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    Two realities

    Franz Rosenzweig, who became one of the luminaries of Jewish thought in the interwar years, was hovering on the brink of baptism when after attending Yom Kippur services in 1913 he decided he could never be anything but a Jew.

    Franz Rosenzweig

    It is not entirely certain what happened to him that Yom Kippur, but there is a hint in his great book, “The Star of Redemption”.

    He writes, “Anyone who has ever celebrated Yom Kippur knows that it is something more than a mere personal exaltation… or the symbolic recognition of a reality such as the Jewish people… It is a testimony to the reality of God that cannot be controverted.”

    Note that the word “reality” comes twice in this passage.

    One reality on Yom Kippur is God. The spiritual tremor that runs through Yom Kippur proves this reality.

    We encounter Him in the prayers, the music, the mood, the atmosphere, the internal metamorphosis within us.

    On Yom Kippur Rosenzweig, who had never ceased to believe in God, encountered something extra: the Jewish God.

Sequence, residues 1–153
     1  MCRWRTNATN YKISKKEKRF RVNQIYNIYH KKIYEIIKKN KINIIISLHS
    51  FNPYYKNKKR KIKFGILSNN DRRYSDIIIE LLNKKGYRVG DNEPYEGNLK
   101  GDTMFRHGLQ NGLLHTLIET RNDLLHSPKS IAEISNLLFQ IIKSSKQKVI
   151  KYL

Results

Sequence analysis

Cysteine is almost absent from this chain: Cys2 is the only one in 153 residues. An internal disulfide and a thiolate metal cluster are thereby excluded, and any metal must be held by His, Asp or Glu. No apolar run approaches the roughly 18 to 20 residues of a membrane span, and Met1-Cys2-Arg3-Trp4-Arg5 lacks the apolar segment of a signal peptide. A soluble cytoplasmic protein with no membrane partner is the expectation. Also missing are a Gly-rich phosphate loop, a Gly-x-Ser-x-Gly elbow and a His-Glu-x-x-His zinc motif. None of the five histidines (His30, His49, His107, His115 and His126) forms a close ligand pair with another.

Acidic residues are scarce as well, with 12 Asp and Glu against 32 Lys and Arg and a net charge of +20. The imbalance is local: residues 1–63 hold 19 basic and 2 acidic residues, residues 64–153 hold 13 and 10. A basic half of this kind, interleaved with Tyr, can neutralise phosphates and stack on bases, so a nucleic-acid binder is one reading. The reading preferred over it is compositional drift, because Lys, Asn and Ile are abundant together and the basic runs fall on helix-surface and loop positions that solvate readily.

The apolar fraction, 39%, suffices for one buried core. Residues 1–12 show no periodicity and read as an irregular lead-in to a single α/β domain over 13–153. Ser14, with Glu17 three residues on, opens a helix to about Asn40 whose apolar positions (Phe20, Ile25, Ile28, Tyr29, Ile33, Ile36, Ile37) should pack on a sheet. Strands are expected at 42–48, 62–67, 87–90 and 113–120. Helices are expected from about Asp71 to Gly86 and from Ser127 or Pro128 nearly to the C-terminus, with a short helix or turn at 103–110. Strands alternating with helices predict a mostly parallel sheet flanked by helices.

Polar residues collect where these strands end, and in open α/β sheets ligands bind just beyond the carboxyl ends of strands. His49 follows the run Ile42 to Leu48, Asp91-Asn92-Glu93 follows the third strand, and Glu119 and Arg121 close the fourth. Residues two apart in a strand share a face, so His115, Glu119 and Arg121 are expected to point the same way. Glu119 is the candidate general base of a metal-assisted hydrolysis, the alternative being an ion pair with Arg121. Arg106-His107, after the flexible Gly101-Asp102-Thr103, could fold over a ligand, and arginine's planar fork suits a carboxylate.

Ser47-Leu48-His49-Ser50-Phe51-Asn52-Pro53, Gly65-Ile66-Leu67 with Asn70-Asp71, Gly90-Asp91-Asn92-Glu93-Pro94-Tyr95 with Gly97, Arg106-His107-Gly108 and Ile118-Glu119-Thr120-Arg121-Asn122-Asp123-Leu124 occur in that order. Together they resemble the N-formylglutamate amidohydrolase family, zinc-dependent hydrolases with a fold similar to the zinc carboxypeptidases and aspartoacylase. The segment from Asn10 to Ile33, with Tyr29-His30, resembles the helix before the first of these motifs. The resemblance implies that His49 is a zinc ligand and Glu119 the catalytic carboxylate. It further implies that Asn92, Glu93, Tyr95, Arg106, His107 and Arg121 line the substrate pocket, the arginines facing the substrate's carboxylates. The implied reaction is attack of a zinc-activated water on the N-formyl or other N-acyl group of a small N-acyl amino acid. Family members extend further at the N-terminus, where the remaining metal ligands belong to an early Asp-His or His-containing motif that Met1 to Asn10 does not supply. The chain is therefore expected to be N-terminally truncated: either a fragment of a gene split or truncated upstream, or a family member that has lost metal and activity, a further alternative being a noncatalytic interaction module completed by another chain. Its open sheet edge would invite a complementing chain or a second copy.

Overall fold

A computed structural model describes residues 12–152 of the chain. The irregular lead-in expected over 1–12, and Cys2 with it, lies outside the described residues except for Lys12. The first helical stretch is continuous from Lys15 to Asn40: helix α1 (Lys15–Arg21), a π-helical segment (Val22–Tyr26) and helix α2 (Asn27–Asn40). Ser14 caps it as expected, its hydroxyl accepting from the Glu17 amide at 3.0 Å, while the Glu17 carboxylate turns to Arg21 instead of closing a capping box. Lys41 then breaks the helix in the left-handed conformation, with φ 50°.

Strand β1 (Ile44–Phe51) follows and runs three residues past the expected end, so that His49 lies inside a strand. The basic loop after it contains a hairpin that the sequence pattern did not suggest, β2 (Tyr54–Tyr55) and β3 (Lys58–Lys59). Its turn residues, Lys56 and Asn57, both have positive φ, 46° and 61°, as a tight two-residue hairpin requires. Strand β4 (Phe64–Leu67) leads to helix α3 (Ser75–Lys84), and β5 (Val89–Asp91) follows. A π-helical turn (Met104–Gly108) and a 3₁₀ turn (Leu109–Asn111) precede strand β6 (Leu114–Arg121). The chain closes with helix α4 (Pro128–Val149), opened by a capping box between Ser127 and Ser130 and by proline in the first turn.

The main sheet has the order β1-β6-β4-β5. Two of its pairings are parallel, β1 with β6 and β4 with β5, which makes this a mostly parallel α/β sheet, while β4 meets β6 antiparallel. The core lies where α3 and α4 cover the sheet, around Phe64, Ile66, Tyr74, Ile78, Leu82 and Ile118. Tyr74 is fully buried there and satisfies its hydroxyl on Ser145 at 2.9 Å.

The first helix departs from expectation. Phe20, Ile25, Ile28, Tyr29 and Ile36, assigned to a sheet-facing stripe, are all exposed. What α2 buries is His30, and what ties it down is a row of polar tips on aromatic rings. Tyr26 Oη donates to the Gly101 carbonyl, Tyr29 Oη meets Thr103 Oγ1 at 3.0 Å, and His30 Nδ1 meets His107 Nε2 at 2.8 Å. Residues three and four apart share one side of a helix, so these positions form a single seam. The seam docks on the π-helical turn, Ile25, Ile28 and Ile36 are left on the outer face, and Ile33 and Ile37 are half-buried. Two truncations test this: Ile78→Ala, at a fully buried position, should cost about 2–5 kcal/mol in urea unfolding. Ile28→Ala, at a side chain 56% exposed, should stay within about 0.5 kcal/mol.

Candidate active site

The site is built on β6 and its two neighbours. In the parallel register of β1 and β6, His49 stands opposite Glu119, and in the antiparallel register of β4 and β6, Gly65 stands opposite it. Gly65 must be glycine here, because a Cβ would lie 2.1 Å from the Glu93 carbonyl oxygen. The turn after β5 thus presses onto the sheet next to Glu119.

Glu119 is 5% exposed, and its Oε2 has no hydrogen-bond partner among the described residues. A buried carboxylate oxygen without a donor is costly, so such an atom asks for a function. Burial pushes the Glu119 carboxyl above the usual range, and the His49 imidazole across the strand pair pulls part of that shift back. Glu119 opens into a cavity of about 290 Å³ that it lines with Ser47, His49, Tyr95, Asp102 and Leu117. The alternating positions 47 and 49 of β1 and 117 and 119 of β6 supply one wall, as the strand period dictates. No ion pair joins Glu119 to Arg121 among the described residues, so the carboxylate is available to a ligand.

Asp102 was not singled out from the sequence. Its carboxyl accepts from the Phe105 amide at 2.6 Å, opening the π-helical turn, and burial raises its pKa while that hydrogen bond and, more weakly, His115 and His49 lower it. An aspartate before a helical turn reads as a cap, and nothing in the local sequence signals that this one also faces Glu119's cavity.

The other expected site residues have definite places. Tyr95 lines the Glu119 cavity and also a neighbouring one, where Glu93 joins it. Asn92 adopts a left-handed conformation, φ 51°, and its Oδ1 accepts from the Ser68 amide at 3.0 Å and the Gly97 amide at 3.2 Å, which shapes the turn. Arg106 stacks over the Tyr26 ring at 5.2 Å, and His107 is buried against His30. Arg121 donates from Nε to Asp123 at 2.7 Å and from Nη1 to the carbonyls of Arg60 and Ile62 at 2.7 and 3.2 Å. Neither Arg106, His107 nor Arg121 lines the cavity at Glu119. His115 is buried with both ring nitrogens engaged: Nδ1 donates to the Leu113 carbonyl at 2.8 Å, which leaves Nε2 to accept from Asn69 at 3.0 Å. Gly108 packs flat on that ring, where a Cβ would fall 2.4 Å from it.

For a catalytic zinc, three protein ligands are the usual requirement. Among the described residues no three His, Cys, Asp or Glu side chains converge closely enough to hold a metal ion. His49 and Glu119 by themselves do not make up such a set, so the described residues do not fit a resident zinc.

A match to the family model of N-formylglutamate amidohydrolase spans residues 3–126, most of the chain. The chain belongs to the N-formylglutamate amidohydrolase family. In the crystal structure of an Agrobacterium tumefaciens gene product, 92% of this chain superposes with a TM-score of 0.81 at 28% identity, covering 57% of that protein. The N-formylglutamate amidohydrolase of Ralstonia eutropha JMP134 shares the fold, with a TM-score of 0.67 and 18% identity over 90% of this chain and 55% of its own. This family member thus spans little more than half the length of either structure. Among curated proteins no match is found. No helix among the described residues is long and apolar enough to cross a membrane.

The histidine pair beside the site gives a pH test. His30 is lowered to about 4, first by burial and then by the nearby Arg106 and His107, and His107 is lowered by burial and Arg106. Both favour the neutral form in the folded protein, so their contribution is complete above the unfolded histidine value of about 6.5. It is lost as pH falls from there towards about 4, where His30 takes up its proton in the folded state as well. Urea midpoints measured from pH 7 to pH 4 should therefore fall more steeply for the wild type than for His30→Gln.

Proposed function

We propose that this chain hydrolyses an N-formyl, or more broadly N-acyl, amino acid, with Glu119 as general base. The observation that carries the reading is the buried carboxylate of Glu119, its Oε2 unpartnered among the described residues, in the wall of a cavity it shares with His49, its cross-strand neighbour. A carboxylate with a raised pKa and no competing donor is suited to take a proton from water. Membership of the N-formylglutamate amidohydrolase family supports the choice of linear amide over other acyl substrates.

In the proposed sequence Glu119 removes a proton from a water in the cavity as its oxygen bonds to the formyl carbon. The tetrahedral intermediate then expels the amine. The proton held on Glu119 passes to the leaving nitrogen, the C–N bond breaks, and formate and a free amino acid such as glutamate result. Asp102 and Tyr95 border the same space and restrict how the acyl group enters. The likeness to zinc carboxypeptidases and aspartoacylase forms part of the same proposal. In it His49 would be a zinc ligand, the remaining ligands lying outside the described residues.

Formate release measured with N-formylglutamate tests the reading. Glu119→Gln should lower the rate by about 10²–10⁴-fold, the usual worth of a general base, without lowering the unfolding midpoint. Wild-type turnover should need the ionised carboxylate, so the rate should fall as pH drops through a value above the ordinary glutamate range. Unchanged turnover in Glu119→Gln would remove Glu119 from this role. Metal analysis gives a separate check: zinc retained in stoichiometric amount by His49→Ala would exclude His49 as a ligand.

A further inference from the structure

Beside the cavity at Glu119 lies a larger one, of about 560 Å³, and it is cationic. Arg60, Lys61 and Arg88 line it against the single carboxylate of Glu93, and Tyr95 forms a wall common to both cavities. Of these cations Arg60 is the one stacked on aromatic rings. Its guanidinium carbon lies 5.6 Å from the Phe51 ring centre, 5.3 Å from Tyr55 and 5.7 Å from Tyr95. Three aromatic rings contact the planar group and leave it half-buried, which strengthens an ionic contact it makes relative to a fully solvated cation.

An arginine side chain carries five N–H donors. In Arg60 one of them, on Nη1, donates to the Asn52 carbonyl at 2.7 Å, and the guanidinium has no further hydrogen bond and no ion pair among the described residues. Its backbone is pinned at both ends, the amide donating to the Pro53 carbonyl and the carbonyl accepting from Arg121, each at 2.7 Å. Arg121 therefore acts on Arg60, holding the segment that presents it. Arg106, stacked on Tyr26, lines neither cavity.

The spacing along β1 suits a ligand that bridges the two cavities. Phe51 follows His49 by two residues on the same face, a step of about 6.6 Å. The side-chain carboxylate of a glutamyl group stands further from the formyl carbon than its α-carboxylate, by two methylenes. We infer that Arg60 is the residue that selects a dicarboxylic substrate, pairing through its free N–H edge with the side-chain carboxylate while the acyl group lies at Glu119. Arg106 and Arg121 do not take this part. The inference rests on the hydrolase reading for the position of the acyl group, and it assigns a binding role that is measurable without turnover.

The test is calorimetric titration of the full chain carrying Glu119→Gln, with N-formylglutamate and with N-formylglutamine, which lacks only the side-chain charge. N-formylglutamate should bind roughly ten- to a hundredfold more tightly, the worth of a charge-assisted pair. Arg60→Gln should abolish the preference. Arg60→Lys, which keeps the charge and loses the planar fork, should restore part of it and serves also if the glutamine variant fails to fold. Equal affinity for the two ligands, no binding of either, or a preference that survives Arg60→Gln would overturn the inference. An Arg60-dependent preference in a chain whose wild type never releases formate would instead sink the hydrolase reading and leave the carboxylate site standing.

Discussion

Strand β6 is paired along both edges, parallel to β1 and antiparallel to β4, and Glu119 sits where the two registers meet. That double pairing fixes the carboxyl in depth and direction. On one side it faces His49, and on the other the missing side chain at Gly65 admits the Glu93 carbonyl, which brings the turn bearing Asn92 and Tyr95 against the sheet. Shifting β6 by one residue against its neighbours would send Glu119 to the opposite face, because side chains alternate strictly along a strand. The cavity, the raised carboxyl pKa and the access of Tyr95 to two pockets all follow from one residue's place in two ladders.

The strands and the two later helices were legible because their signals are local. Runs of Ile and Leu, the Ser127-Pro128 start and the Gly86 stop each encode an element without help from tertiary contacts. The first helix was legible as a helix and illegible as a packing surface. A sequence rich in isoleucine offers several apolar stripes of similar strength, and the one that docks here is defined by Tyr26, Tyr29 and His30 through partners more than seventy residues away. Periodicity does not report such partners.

The second reality he encountered that day was the reality of the Jewish people.

    Yom Kippur is not the individual soul, though if one is away from a synagogue and has no alternative Yom Kippur is possible and necessary on one’s own. In normal circumstances, however, Yom Kippur is the Jewish people in dialogue with themselves as well as with God.

    Rosenzweig’s decision to stay a Jew was not only because he encountered the Jewish God but because he found that a Jew cannot sever himself from his people.

    One of Rosenzweig’s biographers calls him the Guide to Reversioners (ba’alei t’shuvah – people who came back). In a sense we are all reversioners on Yom Kippur, and what we discover is that we cannot completely break with God or the Jewish people.

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